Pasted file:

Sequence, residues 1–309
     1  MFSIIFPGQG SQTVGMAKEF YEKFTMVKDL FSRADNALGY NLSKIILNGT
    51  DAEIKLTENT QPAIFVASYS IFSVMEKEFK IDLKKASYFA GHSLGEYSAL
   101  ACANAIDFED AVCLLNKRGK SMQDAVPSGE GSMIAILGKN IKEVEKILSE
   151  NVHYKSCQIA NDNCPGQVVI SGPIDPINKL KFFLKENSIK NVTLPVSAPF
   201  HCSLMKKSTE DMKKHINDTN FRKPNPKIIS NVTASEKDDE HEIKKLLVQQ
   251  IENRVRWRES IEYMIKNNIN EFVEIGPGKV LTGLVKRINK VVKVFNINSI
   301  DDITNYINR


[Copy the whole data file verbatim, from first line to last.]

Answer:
Sequence, residues 1–309
     1  MFSIIFPGQG SQTVGMAKEF YEKFTMVKDL FSRADNALGY NLSKIILNGT
    51  DAEIKLTENT QPAIFVASYS IFSVMEKEFK IDLKKASYFA GHSLGEYSAL
   101  ACANAIDFED AVCLLNKRGK SMQDAVPSGE GSMIAILGKN IKEVEKILSE
   151  NVHYKSCQIA NDNCPGQVVI SGPIDPINKL KFFLKENSIK NVTLPVSAPF
   201  HCSLMKKSTE DMKKHINDTN FRKPNPKIIS NVTASEKDDE HEIKKLLVQQ
   251  IENRVRWRES IEYMIKNNIN EFVEIGPGKV LTGLVKRINK VVKVFNINSI
   301  DDITNYINR